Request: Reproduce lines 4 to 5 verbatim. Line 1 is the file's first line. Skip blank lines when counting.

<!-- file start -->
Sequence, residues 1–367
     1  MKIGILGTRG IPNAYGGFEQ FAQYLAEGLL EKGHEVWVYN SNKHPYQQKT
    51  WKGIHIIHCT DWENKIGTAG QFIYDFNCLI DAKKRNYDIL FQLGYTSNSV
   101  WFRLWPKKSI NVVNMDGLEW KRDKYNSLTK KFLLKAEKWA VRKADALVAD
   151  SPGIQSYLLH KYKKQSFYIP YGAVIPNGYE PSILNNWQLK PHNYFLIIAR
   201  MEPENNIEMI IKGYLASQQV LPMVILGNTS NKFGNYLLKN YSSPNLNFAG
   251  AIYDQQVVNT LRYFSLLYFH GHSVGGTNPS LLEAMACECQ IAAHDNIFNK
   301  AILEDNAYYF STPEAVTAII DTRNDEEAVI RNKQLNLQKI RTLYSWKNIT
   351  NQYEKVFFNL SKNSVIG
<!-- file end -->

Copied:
   101  WFRLWPKKSI NVVNMDGLEW KRDKYNSLTK KFLLKAEKWA VRKADALVAD
   151  SPGIQSYLLH KYKKQSFYIP YGAVIPNGYE PSILNNWQLK PHNYFLIIAR